* State seeks enforced acquisition of MCC's Erdenet stake
* Mongolia's administrative court rules move illegal
* Government expected to appeal
LONDON/ULAANBAATAR, May 2 (Reuters) - Mongolian Copper Corporation (MCC) is considering international arbitration ahead of an expected government appeal against a court ruling the state's attempt to buy MCC's stake in one of Asia's biggest copper mines is illegal, the company said.
The corporation has been fighting for more than a year to stave off the Mongolian government's push to gain full control of the Erdenet mine by buying MCC's 49 percent holding for about $400 million.
The battle is being watched closely by international investors who are hoping that Mongolia's copper potential can help to meet increasing demand linked to electric vehicles and electrification across the globe.
In the latest in a series of court hearings, Mongolia's administrative court on Monday said that the government had no legal right to take over the Erdenet shares without any formal engagement with MCC.
MCC Chairman Munkhbaatar Myagmar issued a statement on Wednesday, saying the government had broken bilateral investment treaties as well as domestic laws.
"MCC is taking legal advice on commencing possible international arbitration proceedings," the statement said.
A government spokesman referred to a constitutional court ruling in February that found MCC never had the right to the 49 percent stake.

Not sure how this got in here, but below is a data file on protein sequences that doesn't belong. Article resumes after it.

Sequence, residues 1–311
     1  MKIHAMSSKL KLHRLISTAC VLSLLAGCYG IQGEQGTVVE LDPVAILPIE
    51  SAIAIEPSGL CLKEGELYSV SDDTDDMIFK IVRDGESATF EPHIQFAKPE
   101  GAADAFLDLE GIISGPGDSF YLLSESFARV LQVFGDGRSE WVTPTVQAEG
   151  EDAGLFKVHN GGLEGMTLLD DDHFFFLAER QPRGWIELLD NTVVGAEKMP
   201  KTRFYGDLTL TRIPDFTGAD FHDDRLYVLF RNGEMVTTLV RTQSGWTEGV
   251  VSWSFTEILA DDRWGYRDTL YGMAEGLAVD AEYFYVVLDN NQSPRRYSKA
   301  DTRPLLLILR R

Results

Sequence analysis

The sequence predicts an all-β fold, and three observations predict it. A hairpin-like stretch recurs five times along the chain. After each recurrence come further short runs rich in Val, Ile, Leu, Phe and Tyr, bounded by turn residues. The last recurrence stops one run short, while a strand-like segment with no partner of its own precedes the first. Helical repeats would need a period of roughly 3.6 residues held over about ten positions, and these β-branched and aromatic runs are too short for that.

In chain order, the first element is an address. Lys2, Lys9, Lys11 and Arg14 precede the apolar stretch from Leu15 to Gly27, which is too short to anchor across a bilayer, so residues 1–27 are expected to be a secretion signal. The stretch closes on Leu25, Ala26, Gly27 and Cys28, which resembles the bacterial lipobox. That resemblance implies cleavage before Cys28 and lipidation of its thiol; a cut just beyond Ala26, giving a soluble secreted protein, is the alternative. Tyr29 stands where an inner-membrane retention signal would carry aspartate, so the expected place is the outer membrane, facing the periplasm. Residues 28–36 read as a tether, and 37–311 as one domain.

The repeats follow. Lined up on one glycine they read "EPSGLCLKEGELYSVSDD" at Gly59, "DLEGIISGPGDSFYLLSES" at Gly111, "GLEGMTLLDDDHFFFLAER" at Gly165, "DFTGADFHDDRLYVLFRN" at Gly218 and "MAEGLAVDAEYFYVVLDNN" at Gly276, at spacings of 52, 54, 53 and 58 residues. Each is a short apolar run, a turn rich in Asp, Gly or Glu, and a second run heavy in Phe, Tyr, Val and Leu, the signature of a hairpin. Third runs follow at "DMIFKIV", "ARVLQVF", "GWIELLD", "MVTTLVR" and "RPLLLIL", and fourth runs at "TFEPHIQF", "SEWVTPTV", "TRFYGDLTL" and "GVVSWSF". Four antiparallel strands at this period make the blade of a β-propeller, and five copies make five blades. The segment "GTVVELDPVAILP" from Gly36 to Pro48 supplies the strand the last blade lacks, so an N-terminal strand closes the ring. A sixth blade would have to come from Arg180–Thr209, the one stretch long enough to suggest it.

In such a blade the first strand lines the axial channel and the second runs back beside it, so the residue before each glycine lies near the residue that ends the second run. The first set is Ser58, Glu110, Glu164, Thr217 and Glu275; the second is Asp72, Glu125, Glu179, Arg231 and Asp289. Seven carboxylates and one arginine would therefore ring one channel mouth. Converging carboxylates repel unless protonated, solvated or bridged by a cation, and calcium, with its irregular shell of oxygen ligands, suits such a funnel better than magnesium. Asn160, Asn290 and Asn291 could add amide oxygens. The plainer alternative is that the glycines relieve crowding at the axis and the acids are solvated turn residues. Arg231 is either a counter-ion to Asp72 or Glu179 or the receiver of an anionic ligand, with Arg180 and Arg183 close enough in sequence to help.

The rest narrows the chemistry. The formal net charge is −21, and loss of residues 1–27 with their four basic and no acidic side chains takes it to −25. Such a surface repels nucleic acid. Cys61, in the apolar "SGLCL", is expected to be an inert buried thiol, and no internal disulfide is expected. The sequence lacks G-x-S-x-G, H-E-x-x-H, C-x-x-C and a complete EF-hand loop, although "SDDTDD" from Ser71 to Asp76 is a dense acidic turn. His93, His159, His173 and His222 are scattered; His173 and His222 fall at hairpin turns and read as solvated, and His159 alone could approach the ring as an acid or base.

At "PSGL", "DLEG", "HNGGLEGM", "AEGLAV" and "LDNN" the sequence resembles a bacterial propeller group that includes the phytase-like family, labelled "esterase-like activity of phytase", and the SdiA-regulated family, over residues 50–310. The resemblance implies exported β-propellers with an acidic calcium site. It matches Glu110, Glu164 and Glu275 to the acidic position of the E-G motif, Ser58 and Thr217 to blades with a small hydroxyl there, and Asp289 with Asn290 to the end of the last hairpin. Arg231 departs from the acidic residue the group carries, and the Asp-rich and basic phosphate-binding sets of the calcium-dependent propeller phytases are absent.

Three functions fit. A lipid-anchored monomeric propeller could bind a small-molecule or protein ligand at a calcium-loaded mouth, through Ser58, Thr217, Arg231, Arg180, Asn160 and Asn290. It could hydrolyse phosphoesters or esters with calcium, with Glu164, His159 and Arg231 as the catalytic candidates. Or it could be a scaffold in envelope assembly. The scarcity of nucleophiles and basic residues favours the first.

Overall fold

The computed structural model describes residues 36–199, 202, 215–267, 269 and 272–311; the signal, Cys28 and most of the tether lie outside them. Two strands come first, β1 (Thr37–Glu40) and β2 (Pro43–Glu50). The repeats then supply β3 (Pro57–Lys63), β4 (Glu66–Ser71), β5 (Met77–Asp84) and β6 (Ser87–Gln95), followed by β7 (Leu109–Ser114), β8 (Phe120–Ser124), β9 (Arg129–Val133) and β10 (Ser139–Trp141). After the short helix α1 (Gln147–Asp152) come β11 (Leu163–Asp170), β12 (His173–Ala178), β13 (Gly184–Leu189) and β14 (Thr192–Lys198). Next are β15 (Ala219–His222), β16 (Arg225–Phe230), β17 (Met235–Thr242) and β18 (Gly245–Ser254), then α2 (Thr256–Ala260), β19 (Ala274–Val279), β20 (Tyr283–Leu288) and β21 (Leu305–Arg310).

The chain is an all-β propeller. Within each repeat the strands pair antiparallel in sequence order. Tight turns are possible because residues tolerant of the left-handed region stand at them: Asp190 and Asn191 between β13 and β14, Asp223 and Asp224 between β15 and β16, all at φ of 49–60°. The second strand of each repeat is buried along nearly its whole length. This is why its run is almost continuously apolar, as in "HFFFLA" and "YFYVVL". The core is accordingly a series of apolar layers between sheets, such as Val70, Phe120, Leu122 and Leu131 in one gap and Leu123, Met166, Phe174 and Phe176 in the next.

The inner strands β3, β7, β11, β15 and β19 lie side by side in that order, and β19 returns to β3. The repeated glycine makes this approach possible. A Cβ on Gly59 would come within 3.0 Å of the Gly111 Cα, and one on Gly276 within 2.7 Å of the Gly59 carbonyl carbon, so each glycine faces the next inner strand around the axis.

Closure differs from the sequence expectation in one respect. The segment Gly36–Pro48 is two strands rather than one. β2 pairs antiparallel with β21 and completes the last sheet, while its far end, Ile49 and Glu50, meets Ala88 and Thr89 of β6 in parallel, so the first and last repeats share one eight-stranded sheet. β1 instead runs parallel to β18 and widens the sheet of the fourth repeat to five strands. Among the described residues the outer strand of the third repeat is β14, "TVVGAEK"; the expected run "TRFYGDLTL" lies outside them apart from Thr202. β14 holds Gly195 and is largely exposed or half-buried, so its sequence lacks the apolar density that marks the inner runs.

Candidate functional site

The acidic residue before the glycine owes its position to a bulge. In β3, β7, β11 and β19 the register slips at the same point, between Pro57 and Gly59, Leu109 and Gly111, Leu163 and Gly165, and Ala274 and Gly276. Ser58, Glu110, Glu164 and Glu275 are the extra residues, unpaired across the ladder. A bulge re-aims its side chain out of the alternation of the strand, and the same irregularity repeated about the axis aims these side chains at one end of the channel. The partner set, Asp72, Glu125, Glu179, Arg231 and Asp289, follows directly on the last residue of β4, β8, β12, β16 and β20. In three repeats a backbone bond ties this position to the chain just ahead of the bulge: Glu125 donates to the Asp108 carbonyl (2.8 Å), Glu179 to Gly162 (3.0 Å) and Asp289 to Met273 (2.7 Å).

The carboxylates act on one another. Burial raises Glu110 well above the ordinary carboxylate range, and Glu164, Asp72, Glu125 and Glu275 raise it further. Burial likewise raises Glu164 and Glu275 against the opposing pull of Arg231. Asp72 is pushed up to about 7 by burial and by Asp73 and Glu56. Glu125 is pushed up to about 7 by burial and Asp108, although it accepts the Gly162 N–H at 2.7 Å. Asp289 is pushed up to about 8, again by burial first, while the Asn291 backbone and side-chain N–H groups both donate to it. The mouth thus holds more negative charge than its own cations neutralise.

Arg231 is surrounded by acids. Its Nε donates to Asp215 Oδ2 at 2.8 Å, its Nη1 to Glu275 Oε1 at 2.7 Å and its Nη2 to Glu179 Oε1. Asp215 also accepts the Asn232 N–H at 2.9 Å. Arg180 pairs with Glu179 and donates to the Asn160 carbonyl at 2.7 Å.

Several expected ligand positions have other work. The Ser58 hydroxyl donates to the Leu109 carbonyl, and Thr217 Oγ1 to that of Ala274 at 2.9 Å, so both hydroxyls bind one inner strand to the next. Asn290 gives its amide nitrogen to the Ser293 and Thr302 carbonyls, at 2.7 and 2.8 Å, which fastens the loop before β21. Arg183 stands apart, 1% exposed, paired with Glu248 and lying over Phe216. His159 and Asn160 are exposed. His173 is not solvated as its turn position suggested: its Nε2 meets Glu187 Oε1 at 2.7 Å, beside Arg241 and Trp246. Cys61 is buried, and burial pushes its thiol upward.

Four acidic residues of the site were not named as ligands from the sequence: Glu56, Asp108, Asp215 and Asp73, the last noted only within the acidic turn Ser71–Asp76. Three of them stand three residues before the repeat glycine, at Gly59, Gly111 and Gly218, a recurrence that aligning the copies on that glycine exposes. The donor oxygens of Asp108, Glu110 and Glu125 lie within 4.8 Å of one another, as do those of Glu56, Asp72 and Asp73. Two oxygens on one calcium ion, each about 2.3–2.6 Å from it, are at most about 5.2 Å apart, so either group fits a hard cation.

"The administrative court's decision cannot challenge or deny the constitutional court's ruling," he told Reuters.
MCC said it expects the government to appeal against Monday's decision and the case could return to the supreme court.
MCC purchased the Erdenet mine from Russia in 2016 with the approval of then prime minister Chimed Saikhanbileg, though parliament says it never endorsed the sale.
Erdenet is one of the region's largest copper mines, producing 530,000 tonnes of copper concentrate a year.
Mongolia's proximity to China, the world's biggest copper consumer, adds to its appeal to international investors who can provide foreign direct investment to help Mongolia to meet the terms of its IMF bailout deal.
Howevr, concerns over governance and rising resource nationalism are a deterrent, investors say. (Reporting by Barbara Lewis in London and Munkhchimeg Davaasharav in Ulaanbaatar Editing by David Goodman)